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Next year, Leeds-based psych band Hookworms return with their first album since 2014’s The Hum. Here vocalist, synth player and producer MJ discusses their new musical epiphany and the disaster which nearly destroyed their scene.

Your Suburban Home studio was flooded on Boxing Day 2015. What was the extent of the damage and how much of an impact did it have on the Leeds scene?

I don’t want to say how much money it was, but it was a significant five figure. Money’s not the most important thing, but a lot of my friends lost things as well. There was a practise studio that was even closer to the River Aire than I am that lost everything. There was another recording studio that’s never reopened that was beautiful, because that was underwater. The water that was behind my building was six foot high in places. I was kind of lucky that I managed to get here in time to move stuff.

How did you manage to recover from that situation?

It took six months to rebuild the studio. It took a couple of months just for it to dry out, and we ripped everything out and then a lot of stuff was condemned. And then there was that GoFundMe thing, I think I want to spend a lot of the next six months just reiterating how incredibly kind all of that was and how humbled I was by it. That was the nice thing that came out of it.

Since the studio’s been back running, what kind of bands have you recorded with?

I’ve worked constantly ever since. I’m still in an insane amount of debt from the flood, so I’m still paying it off. I’m super proud of the new Spook School album that comes out early next year, it’s amazing. I did a record with Ben [Stidworthy] from the Canadian band Ought and Mikkel [Holm Silkjær] from Yung, a Danish band. I did an album with Kagoule from Nottingham, who are great. And I’m recording a band this week called Eureka California, I like them a lot.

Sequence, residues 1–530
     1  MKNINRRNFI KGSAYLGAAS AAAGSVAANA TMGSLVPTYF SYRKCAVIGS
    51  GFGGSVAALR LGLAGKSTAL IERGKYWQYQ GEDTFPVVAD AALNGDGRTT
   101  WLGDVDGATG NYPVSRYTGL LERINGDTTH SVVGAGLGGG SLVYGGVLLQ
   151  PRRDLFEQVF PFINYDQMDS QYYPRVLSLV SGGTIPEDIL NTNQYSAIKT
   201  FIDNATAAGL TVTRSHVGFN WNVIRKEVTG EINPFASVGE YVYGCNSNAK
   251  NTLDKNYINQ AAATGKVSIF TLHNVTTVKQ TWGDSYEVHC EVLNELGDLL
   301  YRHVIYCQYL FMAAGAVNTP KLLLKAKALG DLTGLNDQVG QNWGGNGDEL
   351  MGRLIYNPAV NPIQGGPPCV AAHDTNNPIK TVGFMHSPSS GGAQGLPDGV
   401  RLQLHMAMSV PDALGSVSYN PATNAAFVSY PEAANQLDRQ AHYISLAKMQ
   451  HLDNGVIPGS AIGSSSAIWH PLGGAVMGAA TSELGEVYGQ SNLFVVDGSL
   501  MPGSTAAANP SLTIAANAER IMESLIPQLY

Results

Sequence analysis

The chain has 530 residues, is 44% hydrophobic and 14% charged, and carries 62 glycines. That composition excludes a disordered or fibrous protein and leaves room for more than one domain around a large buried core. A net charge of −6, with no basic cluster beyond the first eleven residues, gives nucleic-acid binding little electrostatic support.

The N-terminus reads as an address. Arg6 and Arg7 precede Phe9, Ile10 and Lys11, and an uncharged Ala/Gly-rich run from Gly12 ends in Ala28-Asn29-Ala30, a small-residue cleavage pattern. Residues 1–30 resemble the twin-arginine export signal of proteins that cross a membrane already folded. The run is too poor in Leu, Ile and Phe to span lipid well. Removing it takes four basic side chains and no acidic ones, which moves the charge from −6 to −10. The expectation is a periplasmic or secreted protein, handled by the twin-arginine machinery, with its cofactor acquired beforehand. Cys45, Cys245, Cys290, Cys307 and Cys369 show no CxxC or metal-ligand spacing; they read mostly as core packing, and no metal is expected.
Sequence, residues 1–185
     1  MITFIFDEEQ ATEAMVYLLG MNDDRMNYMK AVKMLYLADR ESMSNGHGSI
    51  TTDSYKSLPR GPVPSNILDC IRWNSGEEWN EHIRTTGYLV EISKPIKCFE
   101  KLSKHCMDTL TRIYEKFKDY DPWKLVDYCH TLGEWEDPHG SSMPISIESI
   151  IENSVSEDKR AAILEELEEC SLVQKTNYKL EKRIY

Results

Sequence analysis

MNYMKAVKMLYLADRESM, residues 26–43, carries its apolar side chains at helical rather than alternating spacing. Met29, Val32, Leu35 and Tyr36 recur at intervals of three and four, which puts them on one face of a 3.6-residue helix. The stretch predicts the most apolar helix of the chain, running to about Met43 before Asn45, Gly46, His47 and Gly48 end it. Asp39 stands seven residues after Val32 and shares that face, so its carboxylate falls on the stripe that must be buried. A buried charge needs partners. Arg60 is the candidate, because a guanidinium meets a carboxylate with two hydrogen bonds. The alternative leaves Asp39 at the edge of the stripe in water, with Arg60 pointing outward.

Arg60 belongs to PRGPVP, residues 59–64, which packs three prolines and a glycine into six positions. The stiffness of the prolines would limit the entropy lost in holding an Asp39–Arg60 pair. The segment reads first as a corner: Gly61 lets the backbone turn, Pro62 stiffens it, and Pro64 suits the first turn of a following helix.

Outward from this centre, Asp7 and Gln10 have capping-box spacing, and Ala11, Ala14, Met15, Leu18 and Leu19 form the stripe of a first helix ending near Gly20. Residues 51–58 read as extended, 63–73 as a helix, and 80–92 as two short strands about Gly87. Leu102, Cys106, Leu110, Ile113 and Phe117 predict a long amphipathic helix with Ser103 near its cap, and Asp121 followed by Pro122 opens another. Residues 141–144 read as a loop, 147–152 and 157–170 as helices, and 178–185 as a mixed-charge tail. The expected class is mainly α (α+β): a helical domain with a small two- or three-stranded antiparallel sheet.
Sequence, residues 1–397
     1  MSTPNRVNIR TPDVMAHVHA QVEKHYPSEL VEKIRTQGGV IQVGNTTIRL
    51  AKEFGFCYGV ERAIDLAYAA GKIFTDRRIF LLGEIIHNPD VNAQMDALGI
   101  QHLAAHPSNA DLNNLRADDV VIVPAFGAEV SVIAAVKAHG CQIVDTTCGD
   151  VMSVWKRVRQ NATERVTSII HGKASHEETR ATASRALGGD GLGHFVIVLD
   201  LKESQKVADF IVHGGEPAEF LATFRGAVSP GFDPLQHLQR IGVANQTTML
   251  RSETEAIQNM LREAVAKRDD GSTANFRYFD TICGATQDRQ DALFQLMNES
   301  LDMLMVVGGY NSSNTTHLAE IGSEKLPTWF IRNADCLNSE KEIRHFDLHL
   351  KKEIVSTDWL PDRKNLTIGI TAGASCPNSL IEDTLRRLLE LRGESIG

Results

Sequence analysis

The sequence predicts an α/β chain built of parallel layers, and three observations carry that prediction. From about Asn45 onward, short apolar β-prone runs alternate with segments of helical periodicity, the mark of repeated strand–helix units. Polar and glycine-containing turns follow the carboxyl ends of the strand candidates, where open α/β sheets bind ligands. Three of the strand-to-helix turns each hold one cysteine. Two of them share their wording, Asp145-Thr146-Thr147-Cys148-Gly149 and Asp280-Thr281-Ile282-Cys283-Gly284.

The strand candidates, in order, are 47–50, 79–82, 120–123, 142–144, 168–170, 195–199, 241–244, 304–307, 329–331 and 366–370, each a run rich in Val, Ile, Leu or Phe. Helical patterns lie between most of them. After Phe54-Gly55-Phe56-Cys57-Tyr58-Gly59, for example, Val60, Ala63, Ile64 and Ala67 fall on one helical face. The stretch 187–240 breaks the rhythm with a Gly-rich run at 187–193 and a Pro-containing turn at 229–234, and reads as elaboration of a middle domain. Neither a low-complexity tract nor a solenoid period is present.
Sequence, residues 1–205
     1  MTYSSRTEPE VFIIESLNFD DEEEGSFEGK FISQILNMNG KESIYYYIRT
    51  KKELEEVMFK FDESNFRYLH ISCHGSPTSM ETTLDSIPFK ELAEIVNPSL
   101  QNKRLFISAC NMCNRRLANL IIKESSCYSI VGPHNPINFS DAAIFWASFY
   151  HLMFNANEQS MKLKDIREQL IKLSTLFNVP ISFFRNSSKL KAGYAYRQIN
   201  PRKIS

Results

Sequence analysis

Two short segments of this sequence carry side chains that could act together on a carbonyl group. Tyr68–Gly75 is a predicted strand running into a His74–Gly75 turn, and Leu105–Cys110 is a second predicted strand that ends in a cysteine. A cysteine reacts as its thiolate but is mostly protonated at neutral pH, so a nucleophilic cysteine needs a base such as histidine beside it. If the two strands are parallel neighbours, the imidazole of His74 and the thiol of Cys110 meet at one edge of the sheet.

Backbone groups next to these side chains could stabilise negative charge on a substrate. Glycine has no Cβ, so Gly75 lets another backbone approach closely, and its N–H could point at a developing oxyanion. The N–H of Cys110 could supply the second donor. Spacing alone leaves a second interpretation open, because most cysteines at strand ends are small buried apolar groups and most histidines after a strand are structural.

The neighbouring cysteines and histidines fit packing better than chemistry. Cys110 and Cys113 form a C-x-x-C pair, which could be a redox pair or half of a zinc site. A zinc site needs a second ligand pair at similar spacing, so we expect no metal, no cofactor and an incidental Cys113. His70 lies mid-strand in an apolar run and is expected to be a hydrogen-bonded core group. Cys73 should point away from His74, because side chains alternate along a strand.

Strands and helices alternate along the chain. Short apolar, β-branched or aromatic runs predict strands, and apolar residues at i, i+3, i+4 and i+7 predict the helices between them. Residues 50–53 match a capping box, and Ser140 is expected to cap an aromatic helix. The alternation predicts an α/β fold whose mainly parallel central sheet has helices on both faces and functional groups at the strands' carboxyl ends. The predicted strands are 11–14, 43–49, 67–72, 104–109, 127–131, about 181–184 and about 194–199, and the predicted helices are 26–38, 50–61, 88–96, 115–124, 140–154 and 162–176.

There seems to have been a change in musical direction with the forthcoming Hookworms album Microshift. So how did that come out?

We knew we wanted to do something different, we felt like we’d made the same record twice already and I think for us to stay together as a band, it was important that we moved forward. Matt [Benn] just had a project called XAM Duo and we’d been playing a lot of synthesisers. We wanted to try and incorporate that into ourselves more than we had already. Whereas before [synthesisers] were just kind of like an extra layer that we were putting on live, this time we wanted to go to songs that were built around them.

The vocals sound more pronounced on this new record. What experiences and emotions have inspired the lyrics?

The majority of it is a reaction to the last three years. We lost a really close friend of our band last year. And my dad has Alzheimer’s and cancer as well, and it’s moved on quite a lot recently. And then just, like, dealing with mental health stuff after the flood as well. They’re all quite traumatic life experiences. It’s supposed to be about that.

Musically, there’s a certain energetic pulse. Do you feel as though there’s a sense of optimism to the record?

I think there’s two things. After we toured the second album, we really noticed the reaction from the audience, especially at festivals, to the dance-y songs. And we really enjoyed that kind of push and pull between the audience and the band. Rather than it just being the band playing on stage and people standing and staring. I think we set out to make a record that when we played it would be euphoric, you know? And so we already knew that before a lot of this stuff happened anyway, and then I was still really drawn to it as a musician, between, you know, a great euphoric record and incredibly miserable lyrics. I think it’s cool.

Microshift is released 8 February via Domino